Michael Gove, the doctrinaire ignoramus now in charge of UK environmental policy
It does not matter very much that Michael Gove mistakenly imagines that Boyle’s law is some kind of a fundamental principle. It matters a very great deal, however, that he saw fit to tell teachers that they should teach it as such. It is a sad reflection on the British educational system that Gove, an Oxford graduate, thinks that Newton wrote the laws of thermodynamics, thus showing unawareness of the difference between 17th-century mechanics and 19th-century molecular statistics; the difference between the age of sail and the age of steam. But again, that need not in itself mattered too much. What does matter at many levels is his wish to have “Newton’s laws of thermodynamics” incorporated into the physics curriculum. In both cases, the shameful ignorance displayed is not in itself the major problem. The real concern is Gove’s willingness to impose his ignorance on those who know better, a willingness that led the National Association of Head Teachers, hardly a group of dangerous radicals, to vote no confidence in him. I have written on these topics before, most recently when he bid to become Prime Minister (“Why Michael Gove is not fit to lead anything”) but thought when that bid failed that I could let Gove lapse into the security that he so richly deserves.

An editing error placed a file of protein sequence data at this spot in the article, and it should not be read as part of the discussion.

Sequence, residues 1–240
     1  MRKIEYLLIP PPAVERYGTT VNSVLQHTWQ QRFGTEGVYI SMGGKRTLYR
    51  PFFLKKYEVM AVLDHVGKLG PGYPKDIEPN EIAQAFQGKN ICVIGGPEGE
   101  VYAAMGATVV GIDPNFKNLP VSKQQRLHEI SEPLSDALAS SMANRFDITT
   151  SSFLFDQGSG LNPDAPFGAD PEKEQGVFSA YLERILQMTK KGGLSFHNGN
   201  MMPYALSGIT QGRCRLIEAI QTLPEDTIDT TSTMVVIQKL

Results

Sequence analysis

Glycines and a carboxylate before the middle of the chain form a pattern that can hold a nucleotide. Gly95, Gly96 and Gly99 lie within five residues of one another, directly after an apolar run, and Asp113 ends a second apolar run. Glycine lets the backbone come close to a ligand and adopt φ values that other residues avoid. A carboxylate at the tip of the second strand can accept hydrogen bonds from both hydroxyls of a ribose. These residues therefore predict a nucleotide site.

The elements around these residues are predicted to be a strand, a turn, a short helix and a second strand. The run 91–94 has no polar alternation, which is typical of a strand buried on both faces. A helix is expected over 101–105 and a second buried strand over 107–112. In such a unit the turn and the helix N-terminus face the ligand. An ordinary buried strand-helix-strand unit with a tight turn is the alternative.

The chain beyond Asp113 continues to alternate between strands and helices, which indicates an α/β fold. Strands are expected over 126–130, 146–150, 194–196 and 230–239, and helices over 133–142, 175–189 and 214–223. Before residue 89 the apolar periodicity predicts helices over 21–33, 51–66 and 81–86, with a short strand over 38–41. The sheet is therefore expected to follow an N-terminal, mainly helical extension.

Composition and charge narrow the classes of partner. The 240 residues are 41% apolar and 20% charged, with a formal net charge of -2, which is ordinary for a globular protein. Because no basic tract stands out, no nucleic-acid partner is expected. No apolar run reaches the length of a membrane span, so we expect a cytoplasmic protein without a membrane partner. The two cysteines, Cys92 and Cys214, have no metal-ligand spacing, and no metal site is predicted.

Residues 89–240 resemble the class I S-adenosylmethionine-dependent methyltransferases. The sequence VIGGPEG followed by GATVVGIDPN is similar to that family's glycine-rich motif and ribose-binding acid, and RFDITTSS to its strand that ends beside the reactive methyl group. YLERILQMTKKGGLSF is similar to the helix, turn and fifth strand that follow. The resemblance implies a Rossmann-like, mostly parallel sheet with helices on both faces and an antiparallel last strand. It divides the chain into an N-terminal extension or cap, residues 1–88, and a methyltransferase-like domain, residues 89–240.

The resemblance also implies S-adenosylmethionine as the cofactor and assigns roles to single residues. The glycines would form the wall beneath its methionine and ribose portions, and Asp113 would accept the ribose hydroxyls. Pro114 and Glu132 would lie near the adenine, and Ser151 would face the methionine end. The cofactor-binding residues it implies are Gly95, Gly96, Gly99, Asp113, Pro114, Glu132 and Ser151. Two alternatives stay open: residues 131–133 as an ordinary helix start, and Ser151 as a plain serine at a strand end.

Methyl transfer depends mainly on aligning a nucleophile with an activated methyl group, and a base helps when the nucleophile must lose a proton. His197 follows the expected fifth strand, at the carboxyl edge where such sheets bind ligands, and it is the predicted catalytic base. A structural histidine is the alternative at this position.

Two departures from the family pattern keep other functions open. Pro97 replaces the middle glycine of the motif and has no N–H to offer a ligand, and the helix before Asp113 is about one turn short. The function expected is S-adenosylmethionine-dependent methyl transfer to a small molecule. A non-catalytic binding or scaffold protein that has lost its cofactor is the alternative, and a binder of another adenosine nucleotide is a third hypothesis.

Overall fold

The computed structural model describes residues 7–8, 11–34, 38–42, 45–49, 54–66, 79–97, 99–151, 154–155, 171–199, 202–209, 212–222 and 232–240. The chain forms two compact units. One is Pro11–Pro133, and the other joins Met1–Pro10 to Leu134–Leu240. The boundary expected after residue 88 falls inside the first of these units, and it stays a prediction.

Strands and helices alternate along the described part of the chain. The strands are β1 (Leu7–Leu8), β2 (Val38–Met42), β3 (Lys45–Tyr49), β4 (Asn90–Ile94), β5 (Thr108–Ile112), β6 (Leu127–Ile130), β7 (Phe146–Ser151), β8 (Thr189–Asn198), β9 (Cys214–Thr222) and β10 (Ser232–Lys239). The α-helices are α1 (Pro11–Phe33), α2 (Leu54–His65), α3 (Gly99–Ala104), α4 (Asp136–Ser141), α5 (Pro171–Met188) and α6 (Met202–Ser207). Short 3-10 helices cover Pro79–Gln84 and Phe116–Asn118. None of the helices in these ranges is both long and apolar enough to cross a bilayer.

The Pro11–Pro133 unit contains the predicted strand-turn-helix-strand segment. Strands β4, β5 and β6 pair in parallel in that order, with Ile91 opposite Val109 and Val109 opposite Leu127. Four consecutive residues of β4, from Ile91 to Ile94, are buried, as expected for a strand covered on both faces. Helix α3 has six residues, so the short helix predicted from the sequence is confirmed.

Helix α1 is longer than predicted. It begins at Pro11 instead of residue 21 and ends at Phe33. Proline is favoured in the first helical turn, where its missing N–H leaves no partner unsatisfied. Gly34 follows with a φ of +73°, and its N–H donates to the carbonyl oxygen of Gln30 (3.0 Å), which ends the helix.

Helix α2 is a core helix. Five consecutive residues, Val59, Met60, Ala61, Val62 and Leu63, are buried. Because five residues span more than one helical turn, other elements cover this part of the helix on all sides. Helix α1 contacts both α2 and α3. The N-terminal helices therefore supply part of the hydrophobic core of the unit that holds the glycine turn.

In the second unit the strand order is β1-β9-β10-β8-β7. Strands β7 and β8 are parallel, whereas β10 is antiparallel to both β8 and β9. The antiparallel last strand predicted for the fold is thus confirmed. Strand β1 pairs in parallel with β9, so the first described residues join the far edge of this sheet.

Not so, alas. Gove is now Secretary of State for the Environment Food and Rural Affairs. Not topics on which I am an expert, so I will simply hand readers over to someone who is; Miles King at A New Nature Blog:
Last week I wrote about Michael Gove’s surprise arrival as Secretary of State for the Environment Food and Rural Affairs. There is so much more to write about this, but time is limited and I will not be able to cover everything in one piece.
Gove obviously has achieved notoriety amongst the Education establishment, by driving through unpopular reforms to the National Curriculum and to the testing regime. As these reforms have only recently been implemented, the benefits, or damage they cause will only become clear in the years to come.
As a parent with children in the education system I will see personally what Gove (and his comic-book villain sidekick, Dominic Cummings) has done for the future of my family, aside from his (and Cummings’) leading role in Brexit.
His subsequent stint at the Ministry of Justice was too short for him to have achieved anything, either way. Perhaps…
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